Mice Decimated hive

Rookie mistake. I put an entrance reducer in the front but left a large enough space in the roof for mice to get into the hive. Didn’t check on the hive for several months, thinking I was supposed to leave them alone through the winter. Today, I found that the mice had killed/eaten every bee and much of the comb. Arrgh.

The hive stinks of mouse urine and droppings. My question is if the remaining comb can be used by a new package/nucleus in the spring? Do I need to start completely from scratch?

I can’t speak for the flow frames, however with wood frames, I’d render the comb out & sterilize the frames, box, lid & base & start again. I’m guessing that with the flow frames, you’d disassemble them & sterilize them in bleach & water no hotter than 70degC.

That’s a lesson learned.


Chao Minh,

Xin loi about the mouse in the house problem ! Wow ! I’ve not had this issue personally. But I’ve worked with a commercial beekeeper n seen the damage they do to frames n inside of a hive. It’s really buon lam to see.

I would follow Jeff’s advice. Did the mice (con chuot) damage the plastic flow-frames ? Do your best as Jeff has suggested. Maybe a couple more beekeepers will jump in here with further comments n thots also.

Chuc Minh may man voi your hives in the future. We are all learning from our mistakes. Cam on nhieu for share bro …

Hen gap lai ,


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Rotten little buggers! Sorry to hear that Minh. Your kit will be good as new after the cleaning Jeff recommends. Thanks for posting, it’s a good prompt for me to go outside & double check on my situation - my bees died, but I have lots of nice comb and some stores outside waiting for new bees…I believe it’s all sealed tight against pests, but always good to check!

Gerald, what a fabulous silk outfit! :heart_eyes:

Jerry loves wearing a dress, and he does it proudly! :smiling_imp: Oh dear, I have the devil in me today, sorry @Gerald_Nickel. :blush:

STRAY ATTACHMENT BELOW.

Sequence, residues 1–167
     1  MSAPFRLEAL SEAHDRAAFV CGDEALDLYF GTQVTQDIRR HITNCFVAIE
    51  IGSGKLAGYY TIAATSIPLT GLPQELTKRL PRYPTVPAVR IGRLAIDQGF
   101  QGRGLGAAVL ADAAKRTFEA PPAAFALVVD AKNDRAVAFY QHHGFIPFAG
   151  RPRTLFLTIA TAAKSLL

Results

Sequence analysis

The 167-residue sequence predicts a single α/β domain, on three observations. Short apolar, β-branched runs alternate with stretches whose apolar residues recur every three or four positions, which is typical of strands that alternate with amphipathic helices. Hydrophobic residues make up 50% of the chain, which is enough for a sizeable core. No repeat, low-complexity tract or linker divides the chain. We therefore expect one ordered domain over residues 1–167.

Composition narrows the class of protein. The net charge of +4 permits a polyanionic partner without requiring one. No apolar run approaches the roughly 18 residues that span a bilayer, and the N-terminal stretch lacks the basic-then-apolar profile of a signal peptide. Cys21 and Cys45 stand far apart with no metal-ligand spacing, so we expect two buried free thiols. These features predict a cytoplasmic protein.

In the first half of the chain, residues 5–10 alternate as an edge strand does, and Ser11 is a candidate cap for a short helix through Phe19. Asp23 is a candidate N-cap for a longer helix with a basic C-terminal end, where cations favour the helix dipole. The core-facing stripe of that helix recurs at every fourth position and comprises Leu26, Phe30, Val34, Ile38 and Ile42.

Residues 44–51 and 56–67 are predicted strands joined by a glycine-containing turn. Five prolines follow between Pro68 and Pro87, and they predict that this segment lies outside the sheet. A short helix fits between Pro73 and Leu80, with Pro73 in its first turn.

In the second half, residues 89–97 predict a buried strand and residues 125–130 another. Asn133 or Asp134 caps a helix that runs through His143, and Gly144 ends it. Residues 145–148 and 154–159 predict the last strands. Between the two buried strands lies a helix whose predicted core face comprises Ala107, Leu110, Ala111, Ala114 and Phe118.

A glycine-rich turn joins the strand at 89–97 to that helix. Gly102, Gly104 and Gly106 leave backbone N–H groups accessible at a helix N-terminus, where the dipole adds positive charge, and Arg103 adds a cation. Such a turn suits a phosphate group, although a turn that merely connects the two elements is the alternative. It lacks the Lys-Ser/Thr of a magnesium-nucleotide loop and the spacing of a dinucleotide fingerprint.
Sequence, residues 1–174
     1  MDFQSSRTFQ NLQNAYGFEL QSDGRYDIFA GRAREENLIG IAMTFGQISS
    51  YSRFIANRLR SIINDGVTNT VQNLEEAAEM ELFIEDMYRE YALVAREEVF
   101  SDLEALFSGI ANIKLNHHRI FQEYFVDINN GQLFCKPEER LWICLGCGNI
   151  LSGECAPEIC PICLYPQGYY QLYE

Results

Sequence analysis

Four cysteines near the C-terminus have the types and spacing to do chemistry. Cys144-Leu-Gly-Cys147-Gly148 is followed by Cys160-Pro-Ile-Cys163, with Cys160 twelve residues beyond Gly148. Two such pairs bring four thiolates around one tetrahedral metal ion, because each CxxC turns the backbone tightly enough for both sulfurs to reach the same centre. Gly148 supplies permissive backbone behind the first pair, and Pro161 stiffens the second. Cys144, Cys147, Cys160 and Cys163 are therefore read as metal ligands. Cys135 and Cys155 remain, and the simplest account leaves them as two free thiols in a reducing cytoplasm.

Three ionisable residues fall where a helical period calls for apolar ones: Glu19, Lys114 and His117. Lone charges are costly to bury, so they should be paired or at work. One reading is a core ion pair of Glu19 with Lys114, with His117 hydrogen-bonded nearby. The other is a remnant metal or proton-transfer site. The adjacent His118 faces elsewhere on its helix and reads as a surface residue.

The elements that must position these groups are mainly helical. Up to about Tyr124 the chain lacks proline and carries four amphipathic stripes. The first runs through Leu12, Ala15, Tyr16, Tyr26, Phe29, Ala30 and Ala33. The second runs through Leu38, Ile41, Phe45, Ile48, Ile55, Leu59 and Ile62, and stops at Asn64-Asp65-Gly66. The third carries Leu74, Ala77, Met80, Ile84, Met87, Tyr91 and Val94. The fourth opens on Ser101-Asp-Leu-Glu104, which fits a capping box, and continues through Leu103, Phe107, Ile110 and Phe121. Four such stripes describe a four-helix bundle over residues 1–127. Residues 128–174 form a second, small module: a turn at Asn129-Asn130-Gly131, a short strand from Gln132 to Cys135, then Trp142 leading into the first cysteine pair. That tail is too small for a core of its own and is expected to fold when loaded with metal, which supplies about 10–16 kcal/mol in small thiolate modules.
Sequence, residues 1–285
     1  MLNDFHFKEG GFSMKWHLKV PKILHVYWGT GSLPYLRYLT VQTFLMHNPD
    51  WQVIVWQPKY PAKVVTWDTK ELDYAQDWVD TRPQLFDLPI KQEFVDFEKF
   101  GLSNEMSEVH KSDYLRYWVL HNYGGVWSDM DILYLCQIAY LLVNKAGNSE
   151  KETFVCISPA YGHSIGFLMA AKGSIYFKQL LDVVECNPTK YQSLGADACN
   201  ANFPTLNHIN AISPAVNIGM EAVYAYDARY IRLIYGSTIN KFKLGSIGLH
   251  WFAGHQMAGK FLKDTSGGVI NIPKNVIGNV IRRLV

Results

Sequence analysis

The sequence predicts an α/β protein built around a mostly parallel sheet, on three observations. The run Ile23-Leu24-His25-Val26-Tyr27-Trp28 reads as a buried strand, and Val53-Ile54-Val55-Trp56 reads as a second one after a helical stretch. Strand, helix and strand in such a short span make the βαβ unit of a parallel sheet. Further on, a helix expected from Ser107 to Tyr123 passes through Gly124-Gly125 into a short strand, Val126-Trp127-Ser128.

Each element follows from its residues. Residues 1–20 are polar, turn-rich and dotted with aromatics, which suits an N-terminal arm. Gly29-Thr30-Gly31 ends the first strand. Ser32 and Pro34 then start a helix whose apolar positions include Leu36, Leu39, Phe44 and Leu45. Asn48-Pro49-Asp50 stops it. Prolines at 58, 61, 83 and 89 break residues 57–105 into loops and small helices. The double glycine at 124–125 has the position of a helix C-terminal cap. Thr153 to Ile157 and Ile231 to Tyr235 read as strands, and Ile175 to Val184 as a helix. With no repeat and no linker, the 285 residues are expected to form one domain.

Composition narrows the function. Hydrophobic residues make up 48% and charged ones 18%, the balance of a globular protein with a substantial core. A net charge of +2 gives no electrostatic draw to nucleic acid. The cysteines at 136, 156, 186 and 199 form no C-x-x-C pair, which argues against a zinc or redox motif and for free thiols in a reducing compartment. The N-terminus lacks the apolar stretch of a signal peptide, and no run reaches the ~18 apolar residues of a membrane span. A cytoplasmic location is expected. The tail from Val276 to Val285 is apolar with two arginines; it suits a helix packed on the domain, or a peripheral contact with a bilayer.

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Just today Dawn? :smile::wink::upside_down_face:


Yahhh Dawn,

I was waiting for your devilish cute comment ! This Vietnamese costume is called a Ao Dai n worn daily (not as fansy) by native Vietnamese… During Tet holiday n other important event expensive silk Ao dai like mine are worn. . My Ao dai was tailor made for me in Vn. I worn it at my Vn grandaughter’s wedding back in July. . Enough about my dress for now Eva n Dawn. We’ll all get booted off here for getting off subject Dawn ! :grinning::+1:. You know how much I worry about that.
Tomorrow is suppose to be nice n milder so guess my girls will be out checking n foraging hazelnut as the Indian Plum is ready yet.

Cheers all,



The flow frames are safe. I took them in for the winter. It was the brooder wood frame that was affected. So, there’s no salvaging what’s left inside the brooder as far as the wax and uneaten honey, right? Although there’s not much honey. It was mostly 30 lbs of sugar syrup since the nectar flow was next to nothing this summer.

Thanks for the replies, as well as the OT pics on VN “ao dai.” I think women look beautiful in those dresses, which become moving art canvases.

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I wouldn’t salvage the honey out of the brood box after mice have been through it, however I’d salvage the wax.